Unfortunately for game developers, this appears to be a recent change. A tweet from game developer Rusty Moyher last week shows that Apple did, in fact, claim that “You Can Require an Extended Game Controller” even though Apple claimed that such a measure was “highly discouraged.” It’s always possible that Apple could go back to the earlier wording, but at this point, we’ll just have to wait and see what the reception is like.

Follow this article’s writer, Leif Johnson, on Twitter.

Sproggiwood Review

Sproggiwood costs a premium price by App Store standards, but it lives up to it. It begins with a young farmer boy on a top-down playing field, being led off by some sort of sheep. It’s cute, irreverent and surprisingly well written, with charming and occasionally funny dialogue in between randomly generated dungeon crawling. 

The randomness of the dungeons lets it down, sadly — respawning enemies, trapping yourself in a corner, and the chore of having to re-level each time you enter a new dungeon can rapidly unite to make an incredibly difficult, if not impossible, situation. When the going is good, though, it can be great, as you hack and slash your way through hordes of enemies, learning their attack patterns and upgrading your own.

You can switch classes as you unlock more, change up your weapons and accessories to get the best loadout, and build your little town back home to give you more perks and classes. There’s a shop that gives you access to gear you’ve found in dungeons so far, and where you spend the gold you’ve found in the same dungeons — a self-sufficient dungeon-based economy, led by a morally questionable sprite named Sproggi, your guide and sort-of boss.

It’s satisfyingly paced, with several levels and loot chests throughout each dungeon, ending in a different kind of turn-based boss battle each time, though the difficulty levels can feel a little unbalanced when the randomly generated enemies are unfairly over-powered.

With enough variety in the classes, dungeons, and weapons, as well as having to level up from scratch each time, it certainly feels like Sproggiwood gives you value for your money. And it’s definitely fun; the story is simple and sweet — though more dialogue would have been welcome — and meeting and learning new enemies keeps it fresh.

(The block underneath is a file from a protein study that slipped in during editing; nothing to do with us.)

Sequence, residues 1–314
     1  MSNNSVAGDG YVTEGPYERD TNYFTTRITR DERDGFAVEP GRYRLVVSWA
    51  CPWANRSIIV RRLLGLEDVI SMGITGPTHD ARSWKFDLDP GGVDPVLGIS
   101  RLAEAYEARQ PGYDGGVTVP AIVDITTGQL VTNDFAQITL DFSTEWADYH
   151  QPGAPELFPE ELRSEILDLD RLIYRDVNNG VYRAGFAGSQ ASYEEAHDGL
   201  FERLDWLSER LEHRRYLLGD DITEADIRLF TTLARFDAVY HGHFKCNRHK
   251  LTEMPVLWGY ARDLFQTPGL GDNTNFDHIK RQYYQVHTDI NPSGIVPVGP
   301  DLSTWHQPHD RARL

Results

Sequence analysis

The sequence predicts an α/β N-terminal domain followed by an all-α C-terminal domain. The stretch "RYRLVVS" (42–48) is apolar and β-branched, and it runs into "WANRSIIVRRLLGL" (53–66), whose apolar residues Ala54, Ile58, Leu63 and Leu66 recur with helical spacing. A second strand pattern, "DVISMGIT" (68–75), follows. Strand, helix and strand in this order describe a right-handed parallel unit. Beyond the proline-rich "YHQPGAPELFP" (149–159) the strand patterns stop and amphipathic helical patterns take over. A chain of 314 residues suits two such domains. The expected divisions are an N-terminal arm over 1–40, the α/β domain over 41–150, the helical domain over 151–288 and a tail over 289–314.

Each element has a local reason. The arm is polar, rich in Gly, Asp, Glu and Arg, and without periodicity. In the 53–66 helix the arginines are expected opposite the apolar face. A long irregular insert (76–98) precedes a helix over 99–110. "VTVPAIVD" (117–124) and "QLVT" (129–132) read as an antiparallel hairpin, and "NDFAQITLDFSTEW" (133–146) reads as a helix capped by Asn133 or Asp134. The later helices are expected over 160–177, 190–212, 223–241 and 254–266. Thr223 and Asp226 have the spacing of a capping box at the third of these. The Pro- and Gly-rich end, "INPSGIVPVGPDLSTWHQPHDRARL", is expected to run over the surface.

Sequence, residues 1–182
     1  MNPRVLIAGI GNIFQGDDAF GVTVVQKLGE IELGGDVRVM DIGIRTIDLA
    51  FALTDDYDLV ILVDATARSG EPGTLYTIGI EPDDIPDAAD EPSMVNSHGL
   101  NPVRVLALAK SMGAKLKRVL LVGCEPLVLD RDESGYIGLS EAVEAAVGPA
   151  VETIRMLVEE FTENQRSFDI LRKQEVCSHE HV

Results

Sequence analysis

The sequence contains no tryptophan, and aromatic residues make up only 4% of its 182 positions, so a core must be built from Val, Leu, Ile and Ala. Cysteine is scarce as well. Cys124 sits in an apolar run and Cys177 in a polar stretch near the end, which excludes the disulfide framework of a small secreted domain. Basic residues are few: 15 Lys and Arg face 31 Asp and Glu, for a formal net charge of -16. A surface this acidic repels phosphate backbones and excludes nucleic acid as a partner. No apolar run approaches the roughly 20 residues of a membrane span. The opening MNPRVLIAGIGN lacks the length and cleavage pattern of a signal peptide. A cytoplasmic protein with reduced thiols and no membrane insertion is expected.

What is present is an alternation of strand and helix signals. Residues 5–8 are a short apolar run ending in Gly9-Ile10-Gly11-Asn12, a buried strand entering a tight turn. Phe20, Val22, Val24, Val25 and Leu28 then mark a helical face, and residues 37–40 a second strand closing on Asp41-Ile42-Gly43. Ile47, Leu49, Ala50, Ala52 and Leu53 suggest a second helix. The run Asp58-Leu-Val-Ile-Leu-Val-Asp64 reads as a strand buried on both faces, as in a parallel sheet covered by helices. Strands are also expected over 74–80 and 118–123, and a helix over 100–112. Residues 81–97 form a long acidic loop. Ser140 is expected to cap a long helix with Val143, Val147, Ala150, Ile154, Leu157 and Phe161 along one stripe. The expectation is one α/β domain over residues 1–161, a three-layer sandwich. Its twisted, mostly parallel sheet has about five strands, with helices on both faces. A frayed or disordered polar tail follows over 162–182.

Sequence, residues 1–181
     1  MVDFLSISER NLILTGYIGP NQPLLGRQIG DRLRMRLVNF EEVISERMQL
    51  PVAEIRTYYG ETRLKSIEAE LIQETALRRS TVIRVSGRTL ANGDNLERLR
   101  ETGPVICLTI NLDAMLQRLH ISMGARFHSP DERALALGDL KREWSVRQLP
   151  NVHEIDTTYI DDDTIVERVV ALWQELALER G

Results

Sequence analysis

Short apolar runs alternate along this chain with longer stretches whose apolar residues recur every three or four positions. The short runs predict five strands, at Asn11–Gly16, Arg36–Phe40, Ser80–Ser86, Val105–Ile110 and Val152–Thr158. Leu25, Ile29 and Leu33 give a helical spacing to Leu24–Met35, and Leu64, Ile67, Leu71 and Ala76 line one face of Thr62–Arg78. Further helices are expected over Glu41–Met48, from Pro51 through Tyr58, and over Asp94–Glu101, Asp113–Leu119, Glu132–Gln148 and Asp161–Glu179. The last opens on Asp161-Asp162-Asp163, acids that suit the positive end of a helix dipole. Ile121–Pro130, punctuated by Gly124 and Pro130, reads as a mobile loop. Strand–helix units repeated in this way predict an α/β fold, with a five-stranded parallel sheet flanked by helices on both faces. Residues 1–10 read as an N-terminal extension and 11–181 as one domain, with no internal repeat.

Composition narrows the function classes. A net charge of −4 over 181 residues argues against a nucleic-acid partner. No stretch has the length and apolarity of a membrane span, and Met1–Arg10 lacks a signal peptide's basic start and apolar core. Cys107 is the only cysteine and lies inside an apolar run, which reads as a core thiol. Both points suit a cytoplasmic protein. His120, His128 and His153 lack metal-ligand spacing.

The controls are intuitive enough for touchscreen, so it works well on the go — though check that your device is supported. It’s a good little game, and if you’re the type to play again and again to get the best score, it’ll last you a while.

The bottom line. Sproggiwood is a nice idea executed well. It’s not hugely original, but it is a satisfying dungeon crawler that’s not afraid to have fun.

Review Synopsis

Product: 

Sproggiwood

Company: 

Freehold Games

Price: 

$9.99

Requirements: 

iPhone 5 (or newer), iPad 3 (or newer), or iPad mini 2 (or newer) running iOS 5.1 or later

Positives: 

Polished look and fun, witty dialogue. Lends itself to repeat play. Genuinely enjoyable and fun to play.

Negatives: 

Random elements can screw you over.

Risk: Star Wars Edition Lets You Conquer an Entire Galaxy, Not Just Earth

You know the sense of satisfaction you get from conquering an entire planet while playing Risk? Well imagine what it must feel like when you take over an entire galaxy. If that’s not enough reason to try Risk: Star Wars Edition, playing with X-wings and TIE fighters should sweeten the pot.

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Trulon Review

The words “strategy card-game RPG” get us as excited as some people get over sports, theme parks, and new Marvel films. Published by a Finnish company, Trulon is one of those: a game featuring a strategy card-battle element similar to that of successful World of Warcraft spin-off Hearthstone, as well as some rather attractive artwork that flits between colorful drawings and pixel sprites.

At first, Trulon doesn’t disappoint. Thrown into the world with naught but a deck of cards and your own spunky confidence, you travel off into the distance as Gladia, the game’s heroine. The towns and villages are bright, the music pacey and the dialog interesting — if not a little odd, teetering on the edge of nonsensical. As a monster hunter, your job is to rid the land of the pesky critters that are bringing people down, and as in other turn-based battle RPGs, you’ll come across these monsters in the field.

Unfortunately for a game that’s so centered on these card battles, the fighting is irritatingly tedious, preferring to focus on the slow, repetitive doling-out of battle animations while you wait for your turn. With cards dealt into your hand fairly sparingly, you’ll also find yourself in difficult-to-win battles, purely because of the luck of the draw — though you can create your own strategic deck with cards you’ve picked up along the way.

The monsters appear and reappear as slightly different versions of themselves, with horns, different colors, tougher defenses — but very rarely new tactics. The maps are convoluted, samey, and sprawling, turning traversal into filler content that requires you to drag Gladia around in increments.